As my fellow Veracity blogger, John Paine, confesses, Lewis can sometimes be a little hard to get in sync with.  From another angle, I pretty much boycotted reading Lewis years ago precisely because he was so popular back then. Many evangelicals seem uncomfortable today about the legacy of this tobacco-smoking, British intellectual Anglican. But both John and I have now come to deeply appreciate Lewis more and more.

What does Lewis have to say?  If I had to sum it up in one word, it would be imagination.  It was a vision of a Biblically-informed imagination that brought this atheist to faith, a man filled with animosity towards his father, and who had a very odd, even scandalous relationship with a much older woman. Lewis endured the mindless insanity in the French trenches of World War I, but he rarely talked about it. Lewis, like any human that I know, had moral failures and terrible skeletons haunting him in his closet. But it was the creative energy of thinking about the love story of the Bible, God’s relentless pursuit of bringing a rebellious and alienated people into relationship with Himself, that broke through Lewis’ cynicism, despair, and denial.

We need more of C. S. Lewis’ vision of a Christian imagination today in Christ’s church.  Many Christians get so absorbed by the literal truth of the Scriptures that they forget about the revelatory power of the figurative, the transcendent beauty of a turn of a phrase, the deep wisdom of Biblical poetry, the whoop and wharf of story, and the subtle Truth of myth.

I think Lewis can still help us with that.

I have been listening to a wonderful and provocative audio book by Alister McGrath, C. S. Lewis – A Life: Eccentric Genius, Reluctant Prophet.  In promoting the book, McGrath gave a series of lectures, including the following sponsored by the Lanier Theological Library in Houston, Texas in the spring of 2013.

May we as followers of Jesus be shaped by the imaginative vision of C. S. Lewis.  His friends knew him as “Jack”.


In the ancient Babylonia creation myth, Marduk defeats Tiamat, a sea monster.  For many years in the church, the fascination with sea monsters and spiritual symbols they represent have captivated the imagination of people who read about Leviathan in the Bible. But not everyone sees things that way.

In the ancient Babylonia creation myth, Marduk defeats Tiamat, a sea monster. For many years in the church, the fascination with sea monsters and the spiritual symbols they represent have captivated the imagination of people who read about Leviathan in the Bible. But not everyone sees things that way.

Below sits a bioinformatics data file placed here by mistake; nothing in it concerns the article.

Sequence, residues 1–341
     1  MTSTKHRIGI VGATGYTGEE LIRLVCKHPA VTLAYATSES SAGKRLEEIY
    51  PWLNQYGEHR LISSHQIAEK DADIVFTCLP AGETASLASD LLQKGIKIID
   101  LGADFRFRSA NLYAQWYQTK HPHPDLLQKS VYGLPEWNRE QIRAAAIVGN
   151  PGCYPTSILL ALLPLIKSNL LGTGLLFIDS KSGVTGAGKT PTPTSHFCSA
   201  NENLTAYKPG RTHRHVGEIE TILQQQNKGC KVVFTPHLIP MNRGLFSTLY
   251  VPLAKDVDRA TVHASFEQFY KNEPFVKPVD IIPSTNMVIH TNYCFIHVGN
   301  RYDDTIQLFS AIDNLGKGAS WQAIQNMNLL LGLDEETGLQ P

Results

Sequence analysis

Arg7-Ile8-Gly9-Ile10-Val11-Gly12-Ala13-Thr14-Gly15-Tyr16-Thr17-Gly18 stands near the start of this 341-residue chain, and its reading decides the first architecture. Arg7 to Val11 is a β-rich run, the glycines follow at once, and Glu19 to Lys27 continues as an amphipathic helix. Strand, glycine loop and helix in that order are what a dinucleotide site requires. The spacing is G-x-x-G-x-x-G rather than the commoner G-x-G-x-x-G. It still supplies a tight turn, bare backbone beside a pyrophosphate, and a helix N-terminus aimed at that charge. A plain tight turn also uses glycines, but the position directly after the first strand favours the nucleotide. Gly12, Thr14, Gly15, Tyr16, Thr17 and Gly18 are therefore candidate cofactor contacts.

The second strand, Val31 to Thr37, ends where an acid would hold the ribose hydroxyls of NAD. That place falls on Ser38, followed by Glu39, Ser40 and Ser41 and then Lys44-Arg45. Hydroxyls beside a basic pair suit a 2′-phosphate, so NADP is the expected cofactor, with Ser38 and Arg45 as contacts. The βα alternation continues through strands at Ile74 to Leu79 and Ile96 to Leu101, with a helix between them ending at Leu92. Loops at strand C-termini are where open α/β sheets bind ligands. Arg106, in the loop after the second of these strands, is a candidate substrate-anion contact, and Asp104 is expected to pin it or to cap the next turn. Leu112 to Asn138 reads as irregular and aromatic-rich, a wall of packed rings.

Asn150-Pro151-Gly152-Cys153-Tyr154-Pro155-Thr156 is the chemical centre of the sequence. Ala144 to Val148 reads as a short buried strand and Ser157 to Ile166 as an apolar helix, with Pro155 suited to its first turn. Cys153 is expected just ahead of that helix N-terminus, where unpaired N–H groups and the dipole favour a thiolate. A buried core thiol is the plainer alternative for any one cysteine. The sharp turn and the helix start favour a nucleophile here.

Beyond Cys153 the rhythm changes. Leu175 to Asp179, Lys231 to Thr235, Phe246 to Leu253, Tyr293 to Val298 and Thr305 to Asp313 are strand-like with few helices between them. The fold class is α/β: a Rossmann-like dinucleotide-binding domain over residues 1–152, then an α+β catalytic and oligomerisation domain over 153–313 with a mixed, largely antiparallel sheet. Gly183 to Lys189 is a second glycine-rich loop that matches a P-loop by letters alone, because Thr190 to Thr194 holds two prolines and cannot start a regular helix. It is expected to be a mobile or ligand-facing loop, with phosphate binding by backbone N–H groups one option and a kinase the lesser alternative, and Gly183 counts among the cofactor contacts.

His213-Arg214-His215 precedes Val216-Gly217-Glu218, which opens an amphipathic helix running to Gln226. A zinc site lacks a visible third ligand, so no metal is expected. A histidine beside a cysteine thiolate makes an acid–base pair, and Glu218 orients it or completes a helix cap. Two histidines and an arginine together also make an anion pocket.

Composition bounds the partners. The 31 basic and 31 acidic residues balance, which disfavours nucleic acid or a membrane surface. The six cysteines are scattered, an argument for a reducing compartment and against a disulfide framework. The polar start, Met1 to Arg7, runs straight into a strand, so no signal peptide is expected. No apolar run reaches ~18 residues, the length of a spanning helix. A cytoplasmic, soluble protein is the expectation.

In this past week’s Symposium meeting, we received this one comment from a participant:

I suppose that the Leviathan creature described in Job might be difficult to explain with the Old Earth theory.

This raises a really good question, but probably more than what the comment necessarily indicates.    So, yes, who is this mysterious Leviathan creature as mentioned in Job 41? This comment surely has this question in mind, but consider this from a wider perspective: What are the concerns that Christians have when they read the Bible that inform how they interpret the Bible?

My Veracity blogging cohort in mischief and mutual lover of pepperoni pizza, John Paine, has an excellent response from an Old-Earth perspective that deserves bringing forward:

This is a pretty well-worn argument between Old-Earth and Young-Earth creationists. The idea is that if Leviathan and Behemoth refer to dinosaurs, then down goes the argument that there are no dinosaurs in the Bible, and then we can conclude that dinosaurs overlapped mankind’s existence on earth (which would support a Young-Earth view).

There are five verses in the Bible that refer to the Leviathan (according to the English Standard Version):

Job 3:8
Job 41:1
Psalm 74:14
Psalm 104:26
Isaiah 27:1

All of these texts could be consistently interpreted as Leviathan referring to a crocodile (and Behemoth referring to a hippopotamus).

Here’s the Old-Earth interpretation.

Thanks for the comment, and I hope this helps.

John sums it up well. But what do the other Creationist perspectives that we have briefly discussed at the Symposium have to say about Leviathan?